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The serval (Leptailurus serval) /ˈsɜːrvəl/ is a wild cat native to Africa. It is rare in North Africa
North Africa
and the Sahel, but widespread in sub-Saharan countries except rainforest regions. On the IUCN
IUCN
Red List it is listed as Least Concern.[1] It is the sole member of the genus Leptailurus and was first described by German naturalist Johann Christian Daniel von Schreber
Johann Christian Daniel von Schreber
in 1776. Eighteen subspecies are recognised. The serval is a slender, medium-sized cat that stands 54–62 cm (21–24 in) at the shoulder and weighs 9–18 kg (20–40 lb). It is characterised by a small head, large ears, a golden-yellow to buff coat spotted and striped with black, and a short, black-tipped tail. The serval has the longest legs of any cat relative to its body size. Active in the day as well as at night, servals tend to be solitary with minimal social interaction. Both sexes establish highly overlapping home ranges of 10 to 32 km2 (4–12 sq mi), and mark them with feces and saliva. Servals are carnivores – they prey on rodents (particularly vlei rats), small birds, frogs, insects, and reptiles. The serval uses its sense of hearing to locate the prey; to kill small prey, it leaps over 2 m (6 ft 7 in) above the ground to land on the prey on its forefeet, and finally kills it with a bite on the neck or the head. Mating takes place at different times of the year in different parts of their range, but typically once or twice a year in an area. After a gestational period of two to three months, a litter of one to four is born. Weaning occurs at one month, and kittens begin hunting on their own at six months. The juveniles leave their mother at 12 months. The serval prefers areas with cover such as reeds and tall grasses and proximity to water bodies, such as wetlands and savannahs. It occurs in protected areas across its range, and hunting of servals is either prohibited or regulated in several countries.

Contents

1 Taxonomy and phylogeny 2 Etymology 3 Characteristics 4 Ecology and behaviour

4.1 Hunting and diet 4.2 Reproduction

5 Habitat and distribution 6 Threats and conservation 7 Relationship with human beings 8 Hybrid 9 References 10 External links

Taxonomy and phylogeny[edit] The scientific name of the serval is Leptailurus serval. It is the sole member of the genus Leptailurus.[2] The species was first described by German naturalist Johann Christian Daniel von Schreber
Johann Christian Daniel von Schreber
as Felis
Felis
serval.[3] In 1858, Russian naturalist Nikolai Severtzov proposed the genus name Leptailurus.[4] In the 19th and 20th centuries, some taxonomists inspected serval skins and identified two species on the basis of coat pattern: Felis serval (serval), with large, pronounced spots, and F. servalina or F. ornata (servaline cat), marked by freckle-sized dots.[5] F. servalina was first described in 1839 by Irish naturalist William Ogilby from Sierra Leone;[6] in 1867, British zoologist John Edward Gray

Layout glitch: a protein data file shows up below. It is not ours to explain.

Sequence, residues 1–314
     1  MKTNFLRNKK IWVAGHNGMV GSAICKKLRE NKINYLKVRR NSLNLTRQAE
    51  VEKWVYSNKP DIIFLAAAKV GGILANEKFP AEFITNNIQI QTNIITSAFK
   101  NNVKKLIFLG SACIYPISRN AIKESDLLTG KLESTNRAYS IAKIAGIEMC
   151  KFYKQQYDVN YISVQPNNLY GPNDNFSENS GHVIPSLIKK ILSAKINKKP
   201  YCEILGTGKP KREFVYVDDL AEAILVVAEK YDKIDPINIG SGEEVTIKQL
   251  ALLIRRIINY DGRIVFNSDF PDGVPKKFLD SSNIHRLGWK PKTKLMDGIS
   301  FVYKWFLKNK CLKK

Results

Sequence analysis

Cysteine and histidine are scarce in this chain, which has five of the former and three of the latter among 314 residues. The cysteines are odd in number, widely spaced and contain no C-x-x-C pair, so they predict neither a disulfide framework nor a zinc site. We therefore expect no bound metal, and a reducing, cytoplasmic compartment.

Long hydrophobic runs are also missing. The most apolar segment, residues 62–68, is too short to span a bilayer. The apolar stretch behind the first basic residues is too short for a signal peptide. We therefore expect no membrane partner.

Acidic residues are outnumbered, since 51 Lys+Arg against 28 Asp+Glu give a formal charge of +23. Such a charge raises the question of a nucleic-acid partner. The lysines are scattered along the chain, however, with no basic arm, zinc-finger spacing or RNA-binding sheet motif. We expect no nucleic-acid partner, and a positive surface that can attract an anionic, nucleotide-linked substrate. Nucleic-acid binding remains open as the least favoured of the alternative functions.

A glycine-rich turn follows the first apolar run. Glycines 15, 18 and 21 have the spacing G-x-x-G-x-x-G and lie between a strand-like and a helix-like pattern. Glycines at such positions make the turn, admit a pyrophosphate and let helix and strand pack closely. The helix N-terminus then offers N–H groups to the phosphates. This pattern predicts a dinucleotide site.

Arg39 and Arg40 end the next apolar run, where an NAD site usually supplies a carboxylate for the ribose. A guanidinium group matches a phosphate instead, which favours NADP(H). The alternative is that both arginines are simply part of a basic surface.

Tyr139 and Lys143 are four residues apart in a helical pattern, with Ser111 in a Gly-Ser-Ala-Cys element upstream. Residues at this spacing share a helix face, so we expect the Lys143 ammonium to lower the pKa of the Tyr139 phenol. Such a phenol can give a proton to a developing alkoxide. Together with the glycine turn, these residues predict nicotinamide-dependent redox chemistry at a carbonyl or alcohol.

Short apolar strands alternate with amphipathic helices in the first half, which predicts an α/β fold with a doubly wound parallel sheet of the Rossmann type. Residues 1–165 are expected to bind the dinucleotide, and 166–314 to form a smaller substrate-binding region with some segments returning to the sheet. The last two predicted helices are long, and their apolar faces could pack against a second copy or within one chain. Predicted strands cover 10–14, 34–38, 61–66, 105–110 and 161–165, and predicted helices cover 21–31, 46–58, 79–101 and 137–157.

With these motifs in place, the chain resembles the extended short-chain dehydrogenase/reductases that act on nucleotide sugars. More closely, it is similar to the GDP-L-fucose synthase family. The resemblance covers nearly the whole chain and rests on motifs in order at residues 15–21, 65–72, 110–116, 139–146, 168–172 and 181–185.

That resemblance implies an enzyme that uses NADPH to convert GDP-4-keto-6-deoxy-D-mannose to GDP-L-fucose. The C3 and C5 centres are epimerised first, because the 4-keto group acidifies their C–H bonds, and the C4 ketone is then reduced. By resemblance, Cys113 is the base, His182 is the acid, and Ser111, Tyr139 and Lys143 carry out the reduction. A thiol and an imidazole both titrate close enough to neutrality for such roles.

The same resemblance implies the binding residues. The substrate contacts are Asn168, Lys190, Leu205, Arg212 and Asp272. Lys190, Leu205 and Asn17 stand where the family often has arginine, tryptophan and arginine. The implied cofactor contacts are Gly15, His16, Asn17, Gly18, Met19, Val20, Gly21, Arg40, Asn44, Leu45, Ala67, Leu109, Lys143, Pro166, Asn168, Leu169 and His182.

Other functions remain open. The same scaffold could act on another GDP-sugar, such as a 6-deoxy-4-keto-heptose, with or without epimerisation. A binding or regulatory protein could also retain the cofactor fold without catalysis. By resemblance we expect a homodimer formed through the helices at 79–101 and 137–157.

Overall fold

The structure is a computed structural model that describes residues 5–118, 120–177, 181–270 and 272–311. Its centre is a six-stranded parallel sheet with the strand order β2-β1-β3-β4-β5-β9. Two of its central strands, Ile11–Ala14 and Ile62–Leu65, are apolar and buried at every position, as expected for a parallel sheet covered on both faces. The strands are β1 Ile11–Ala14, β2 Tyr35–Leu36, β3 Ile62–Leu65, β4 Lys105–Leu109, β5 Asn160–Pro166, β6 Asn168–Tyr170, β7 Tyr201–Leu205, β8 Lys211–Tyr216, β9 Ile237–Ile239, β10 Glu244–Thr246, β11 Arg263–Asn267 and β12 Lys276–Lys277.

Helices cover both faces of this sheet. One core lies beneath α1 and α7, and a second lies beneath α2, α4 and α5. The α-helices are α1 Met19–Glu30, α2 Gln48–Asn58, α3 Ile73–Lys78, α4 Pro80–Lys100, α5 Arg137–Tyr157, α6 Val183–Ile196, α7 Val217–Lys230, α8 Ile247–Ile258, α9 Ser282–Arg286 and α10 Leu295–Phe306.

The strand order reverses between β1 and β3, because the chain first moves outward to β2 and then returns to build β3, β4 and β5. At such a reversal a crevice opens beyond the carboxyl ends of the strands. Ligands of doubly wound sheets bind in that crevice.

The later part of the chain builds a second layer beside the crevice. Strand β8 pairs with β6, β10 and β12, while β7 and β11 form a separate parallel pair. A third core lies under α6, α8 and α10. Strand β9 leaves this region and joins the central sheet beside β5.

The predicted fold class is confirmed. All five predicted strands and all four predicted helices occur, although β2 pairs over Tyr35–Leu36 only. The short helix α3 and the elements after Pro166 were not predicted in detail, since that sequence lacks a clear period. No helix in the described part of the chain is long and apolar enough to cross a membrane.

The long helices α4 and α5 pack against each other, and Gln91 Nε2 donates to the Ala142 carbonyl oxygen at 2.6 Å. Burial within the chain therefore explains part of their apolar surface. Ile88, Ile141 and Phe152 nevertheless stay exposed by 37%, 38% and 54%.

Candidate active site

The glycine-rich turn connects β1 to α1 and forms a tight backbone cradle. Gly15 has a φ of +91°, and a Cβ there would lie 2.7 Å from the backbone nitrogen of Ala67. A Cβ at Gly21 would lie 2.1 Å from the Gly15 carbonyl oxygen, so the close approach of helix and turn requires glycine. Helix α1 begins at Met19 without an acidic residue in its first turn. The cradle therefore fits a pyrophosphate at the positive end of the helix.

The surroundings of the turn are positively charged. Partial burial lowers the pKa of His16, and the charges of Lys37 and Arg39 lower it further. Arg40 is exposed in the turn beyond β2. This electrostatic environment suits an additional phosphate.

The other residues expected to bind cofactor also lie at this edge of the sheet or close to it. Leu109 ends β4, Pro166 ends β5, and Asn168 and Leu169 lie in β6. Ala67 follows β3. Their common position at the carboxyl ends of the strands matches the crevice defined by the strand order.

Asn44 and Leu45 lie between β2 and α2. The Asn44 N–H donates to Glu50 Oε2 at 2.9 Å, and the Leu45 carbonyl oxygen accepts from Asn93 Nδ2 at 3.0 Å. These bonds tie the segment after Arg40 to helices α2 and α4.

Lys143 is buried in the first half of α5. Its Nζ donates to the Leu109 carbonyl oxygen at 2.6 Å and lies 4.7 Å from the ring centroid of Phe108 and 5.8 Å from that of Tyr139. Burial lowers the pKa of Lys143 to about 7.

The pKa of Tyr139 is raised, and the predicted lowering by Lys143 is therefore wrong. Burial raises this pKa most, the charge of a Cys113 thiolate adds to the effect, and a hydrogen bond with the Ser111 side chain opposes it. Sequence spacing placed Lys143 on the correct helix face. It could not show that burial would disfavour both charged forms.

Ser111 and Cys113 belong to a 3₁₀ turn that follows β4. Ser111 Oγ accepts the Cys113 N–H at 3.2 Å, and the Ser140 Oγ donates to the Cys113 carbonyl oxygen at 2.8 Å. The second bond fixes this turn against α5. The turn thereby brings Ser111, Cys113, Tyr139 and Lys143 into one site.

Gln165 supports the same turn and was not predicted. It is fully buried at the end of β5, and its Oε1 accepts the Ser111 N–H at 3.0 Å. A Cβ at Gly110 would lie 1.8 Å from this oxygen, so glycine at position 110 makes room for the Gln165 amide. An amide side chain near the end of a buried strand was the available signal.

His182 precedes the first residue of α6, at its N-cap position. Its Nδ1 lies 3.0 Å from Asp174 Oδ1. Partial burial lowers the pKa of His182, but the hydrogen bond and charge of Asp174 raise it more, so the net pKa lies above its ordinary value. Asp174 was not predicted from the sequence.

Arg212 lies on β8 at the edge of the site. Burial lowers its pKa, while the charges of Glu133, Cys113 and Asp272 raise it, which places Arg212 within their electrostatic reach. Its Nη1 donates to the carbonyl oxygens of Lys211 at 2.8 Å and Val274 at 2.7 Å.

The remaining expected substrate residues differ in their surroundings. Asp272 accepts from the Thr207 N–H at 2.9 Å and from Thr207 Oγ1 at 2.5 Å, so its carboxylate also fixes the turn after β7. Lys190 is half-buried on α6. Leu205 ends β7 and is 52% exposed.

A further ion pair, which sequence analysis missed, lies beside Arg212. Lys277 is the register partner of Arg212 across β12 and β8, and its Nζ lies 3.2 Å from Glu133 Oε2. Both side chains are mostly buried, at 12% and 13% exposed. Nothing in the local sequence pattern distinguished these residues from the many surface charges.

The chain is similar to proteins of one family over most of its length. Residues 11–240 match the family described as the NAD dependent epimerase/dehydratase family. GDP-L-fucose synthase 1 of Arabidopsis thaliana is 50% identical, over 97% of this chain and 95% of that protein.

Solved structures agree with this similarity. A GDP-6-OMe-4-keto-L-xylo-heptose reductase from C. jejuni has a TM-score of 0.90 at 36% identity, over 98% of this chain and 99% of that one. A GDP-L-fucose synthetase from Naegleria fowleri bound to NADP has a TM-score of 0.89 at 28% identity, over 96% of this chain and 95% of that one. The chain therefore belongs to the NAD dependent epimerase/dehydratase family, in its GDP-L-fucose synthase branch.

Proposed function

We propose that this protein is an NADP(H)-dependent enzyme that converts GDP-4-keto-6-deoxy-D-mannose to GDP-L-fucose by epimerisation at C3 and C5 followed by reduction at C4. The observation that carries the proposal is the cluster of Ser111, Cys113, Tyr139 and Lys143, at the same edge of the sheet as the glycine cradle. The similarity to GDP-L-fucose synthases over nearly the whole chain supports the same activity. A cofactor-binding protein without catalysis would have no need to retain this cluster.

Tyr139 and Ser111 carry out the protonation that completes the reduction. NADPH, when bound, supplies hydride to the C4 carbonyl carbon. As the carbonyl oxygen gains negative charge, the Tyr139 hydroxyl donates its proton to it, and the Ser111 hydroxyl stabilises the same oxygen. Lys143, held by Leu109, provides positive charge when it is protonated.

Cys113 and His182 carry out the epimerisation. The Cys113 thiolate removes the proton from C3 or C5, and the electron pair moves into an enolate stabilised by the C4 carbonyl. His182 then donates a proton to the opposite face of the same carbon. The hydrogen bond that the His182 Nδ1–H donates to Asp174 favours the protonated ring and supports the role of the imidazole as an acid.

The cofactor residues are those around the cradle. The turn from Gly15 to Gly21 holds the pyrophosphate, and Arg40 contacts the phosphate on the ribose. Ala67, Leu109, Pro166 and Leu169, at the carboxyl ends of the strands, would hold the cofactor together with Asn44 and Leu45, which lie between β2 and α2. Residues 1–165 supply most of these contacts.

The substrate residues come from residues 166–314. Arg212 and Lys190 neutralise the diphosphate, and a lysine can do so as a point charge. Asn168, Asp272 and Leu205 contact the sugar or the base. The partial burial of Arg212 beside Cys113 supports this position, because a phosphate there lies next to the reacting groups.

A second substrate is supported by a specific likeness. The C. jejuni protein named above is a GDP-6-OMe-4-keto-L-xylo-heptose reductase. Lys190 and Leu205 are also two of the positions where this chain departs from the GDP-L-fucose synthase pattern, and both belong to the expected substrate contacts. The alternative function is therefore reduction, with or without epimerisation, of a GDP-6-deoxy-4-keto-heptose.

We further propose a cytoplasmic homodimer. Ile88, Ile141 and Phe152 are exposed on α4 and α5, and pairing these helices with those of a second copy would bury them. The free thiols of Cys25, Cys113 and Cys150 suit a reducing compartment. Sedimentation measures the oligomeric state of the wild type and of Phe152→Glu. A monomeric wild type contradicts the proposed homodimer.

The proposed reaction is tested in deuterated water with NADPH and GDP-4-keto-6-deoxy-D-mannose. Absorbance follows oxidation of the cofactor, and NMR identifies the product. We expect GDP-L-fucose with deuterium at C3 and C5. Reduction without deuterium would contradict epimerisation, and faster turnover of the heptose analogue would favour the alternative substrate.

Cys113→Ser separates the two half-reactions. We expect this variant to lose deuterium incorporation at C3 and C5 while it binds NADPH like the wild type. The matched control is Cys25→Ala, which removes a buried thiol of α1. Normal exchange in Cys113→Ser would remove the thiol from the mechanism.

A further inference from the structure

John Edward Gray
described F. herschelii from an Indian skin, which was probably the same as the servaline cat.[7] In 1907, British zoologist Reginald Innes Pocock commented that the two forms should be considered independent species, but reverted from this in 1917.[8] Eventually, the two forms came to be recognised as the same species. Another form, F. himalayanus (Himalayan serval), was described from a skin procured from the Himalayan region; however, Scottish naturalist William Jardine noted in The Naturalist's Library (1843) that no such specimen had been identified by him or his colleagues, and that it differed considerably from the common serval.[9] In 1944, Pocock identified three races of the serval from northern Africa.[10] The phylogenetic relationships of the serval have remained in dispute; in 1997, palaeontologists M. C. McKenna and S. K. Bell classified Leptailurus as a subgenus of Felis, while others like O. R. P. Bininda-Edmonds (of the Technical University of Munich) have grouped it with Felis, Lynx
Lynx
and Caracal. Studies in the 2000s and the 2010s show that the serval, along with the caracal and the African golden cat, forms one of the eight lineages of Felidae. According to a 2006 genetic study, the Caracal
Caracal
lineage came into existence 8.5 mya, and the ancestor of this lineage arrived in Africa 8.5–5.6 mya.[11][12] Up to 18 subspecies are currently recognised,[2] although some authors recognize fewer:[13]

L. s. beirae (Wroughton, 1910) L. s. brachyurus (Wagner, 1841) L. s. constantinus (Forster, 1780) L. s. faradjius (J. A. Allen, 1924) L. s. ferrarii (de Beaux, 1924) L. s. hamiltoni (Roberts, 1931) L. s. hindei (Wroughton, 1910) L. s. kempi (Wroughton, 1910) L. s. kivuensis (Lönnberg, 1919) L. s. lipostictus (Pocock, 1907) L. s. lonnbergi (Cabrera, 1910) L. s. mababiensis (Roberts, 1932) L. s. pantastictus (Pocock, 1907) L. s. phillipsi (G. M. Allen, 1914) L. s. pococki (Cabrera, 1910) L. s. robertsi (Ellerman, Morrison-Scott and Hayman, 1953) L. s. serval (Schreber, 1776) L. s. togoensis (Matschie, 1893)

The 2006 study gave the phylogenetic relationships of the serval as follows:[11][12]

Pardofelis

Marbled cat
Marbled cat
(P. marmorata)

Catopuma

Bay cat
Bay cat
( Catopuma
Catopuma
badia)

Asian golden cat
Asian golden cat
(C. temminckii)

Caracal

Serval
Serval
(Leptailurus serval)

Caracal
Caracal
(C. caracal)

African golden cat
African golden cat
(C. aurata)

Leopardus

Ocelot
Ocelot
(L. pardalis)

Margay
Margay
(L. wieldii)

Andean mountain cat
Andean mountain cat
(L. jacobita)

Colocolo
Colocolo
(L. colocolo)

Geoffroy's cat
Geoffroy's cat
(L. geoffroyi)

Kodkod
Kodkod
('L. guigna)

Oncilla
Oncilla
(L. tigrinus)

Lynx

Etymology[edit] The name Leptailurus may have been constructed from the medieval Greek λεπταλέος or λεπτός meaning "fine, delicate".[14] The name "serval" could have been derived from the Medieval Latin
Medieval Latin